"J"ai rencontré le Lieutenant Général Charles Kayonga, Commandant en Chef de l’Armée rwandaise, par l’intermédiaire de ma fille qui sert dans l’unité de Tsahal qui l’a accueilli."
"Comme l’État d’Israël, les Rwandais pensent qu’ils ont un problème de sécurité unique, lié à la présence sur leur frontière avec le Congo de forces militaires hostiles dont le commandement est formé de nombreux miliciens qui ont perpétré le génocide et n’ont jamais été traînés en justice. "
"Paul Kagame, le Président Rwandais, qui a mis fin au Génocide en tant que commandant du FPR a toujours été un héros pour moi (…) Lorsqu’il est arrivé au pouvoir, il n’a pas pris de revanche contre les Hutu qui ont massacré les siens mais au lieu de cela il a institué une politique qui rend pratiquement illégal le fait de mentionner à nouveau l’appartenance ethnique Hutu ou Tutsi. Tous ceux à qui j’ai parlé m’ont dit qu’ils ne sont pas Tutsi ou Hutu mais Rwandais et qu’ils ne se soumettront plus jamais aux classifications arbitraires qui avaient été instituées par les colonialistes Belges."
Rabbi Shmuley Boteach
"In Rwanda the scars of death are much fresher than the German death camps of Poland. The survivors of the fastest genocide in human history are not octogenarians from my Jewish community but vibrant twenty and thirty-somethings. Each has soul-searing stories of entire families being dismembered by machetes, often by their own neighbors and family friends. The stories do not come naturally. Rwandans have not learned to easily talk about the horrors they experienced. It comes out only when they have learned to trust you. One guide drove us around for two days. As he left us at our hotel in Kigali, he suddenly said, "My grandparents, father, mother, brother, and sister were all killed. I was 14. I survived living in broken down homes that the Hutus were not searching." A few minutes later, he drove off.
Lt. General Charles Kayonga, Commander-in-Chief of the Rwandan army, whom I met through my daughter who is serving in the Israeli army and who is part of a unit who hosted him in Israel, witnessed the entire genocide as a young RPF officer stationed in Kigali. A soft-spoken man of probing intelligence and a deep listener, he is a hero who commanded a battalion that was surrounded by tens of thousands of Hutu killers yet still saved as many lives as he could. He told me that, given their experience, the Rwandans often see themselves as the Jews of Africa. Like the Jews of the holocaust, few nations cared that the Tutsis were being slaughtered. The United States and the United Nations were especially indifferent. President Clinton did not have even a single meeting with his senior staff through the three months of the genocide and refused to even destroy or block the RTLM radio antenna through which the genocide was broadcast. Kofi Annan forbade UN Peacekeeping Chief General Romeo Dallaire from taking any action that would prevent the genocide. Dallaire pleaded but Annan was resolute and ordered the bulk of UN peacekeepers out of the country. I discovered that the Rwandans are, like Israel, highly suspicious of the UN and especially the French whom, they argue, aided and abetted the genocide by training Hutu militiamen. Rwandan enmity toward the French continues till today.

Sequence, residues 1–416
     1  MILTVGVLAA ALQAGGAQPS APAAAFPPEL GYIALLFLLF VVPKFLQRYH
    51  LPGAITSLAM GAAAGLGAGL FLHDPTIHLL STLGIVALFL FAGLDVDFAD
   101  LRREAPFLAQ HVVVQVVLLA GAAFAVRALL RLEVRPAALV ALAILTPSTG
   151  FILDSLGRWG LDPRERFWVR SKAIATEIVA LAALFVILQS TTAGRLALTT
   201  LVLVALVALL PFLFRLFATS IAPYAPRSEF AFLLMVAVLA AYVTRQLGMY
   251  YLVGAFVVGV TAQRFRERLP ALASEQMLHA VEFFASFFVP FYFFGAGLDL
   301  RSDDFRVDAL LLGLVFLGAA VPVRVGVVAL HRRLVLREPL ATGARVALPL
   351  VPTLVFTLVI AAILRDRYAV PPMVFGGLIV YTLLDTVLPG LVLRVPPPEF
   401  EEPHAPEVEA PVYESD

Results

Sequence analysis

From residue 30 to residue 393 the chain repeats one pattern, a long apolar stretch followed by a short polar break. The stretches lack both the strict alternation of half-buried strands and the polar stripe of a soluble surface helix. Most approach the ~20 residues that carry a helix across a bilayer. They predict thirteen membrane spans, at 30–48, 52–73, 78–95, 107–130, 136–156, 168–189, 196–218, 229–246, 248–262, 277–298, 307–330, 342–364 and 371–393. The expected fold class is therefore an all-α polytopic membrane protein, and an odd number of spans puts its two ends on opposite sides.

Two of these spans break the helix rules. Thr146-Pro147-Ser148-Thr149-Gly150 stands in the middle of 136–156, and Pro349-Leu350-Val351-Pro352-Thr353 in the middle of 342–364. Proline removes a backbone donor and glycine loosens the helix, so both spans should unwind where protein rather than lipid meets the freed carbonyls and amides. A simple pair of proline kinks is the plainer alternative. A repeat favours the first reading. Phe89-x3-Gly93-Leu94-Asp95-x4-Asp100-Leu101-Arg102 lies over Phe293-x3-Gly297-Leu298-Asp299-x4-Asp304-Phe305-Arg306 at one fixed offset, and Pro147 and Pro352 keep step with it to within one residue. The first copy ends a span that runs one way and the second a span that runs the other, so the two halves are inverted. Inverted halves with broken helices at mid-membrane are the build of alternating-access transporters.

I met several Rwandan youth who had never left the country but told me if they did the first country they would visit would be Israel, which seems to be something of a role model to Rwandans steeped in their recent history. And a group of New York Jewish philanthropists, led by Anne Heyman, established a breathtakingly beautiful youth village an hour outside Kigali called Agohozo Shalom which houses and educates hundreds of youth, many of them genocide survivors. The teenage genocide survivors I met there there told me they believe in ‘Tikun Olam,’ the Jewish commandment to repair the world, which they quoted in Hebrew.
Also, like the State of Israel, the Rwandans feel they have unique security concerns given malevolent military forces on their Congolese border whose commanders include many escaped militiamen who perpetrated the genocide and have never been brought to justice.
I felt an immediate and deep kinship with the Rwandan people, especially the survivors of the genocide. Having read many books on the slaughter, Paul Kagame, the Rwandan President who as commander of the RPF ended the genocide, has always been a hero to me. In the anti-genocide community Kagame is a man of towering stature. After seeing that the world was doing nothing to save his people, he launched a military offensive and methodically conquered the entire country, displaying a strategic genius that put an end to the genocide. When he came to power he did not take revenge against the Hutus who had slaughtered his people but instead instituted a policy making it virtually unlawful to even speak of Hutu-Tutsi ethnicity again. Virtually everyone I spoke to told me they are not Tutsi or Hutu but Rwandans and that they will never again submit to arbitrary classifications that were set up by Belgian colonialists."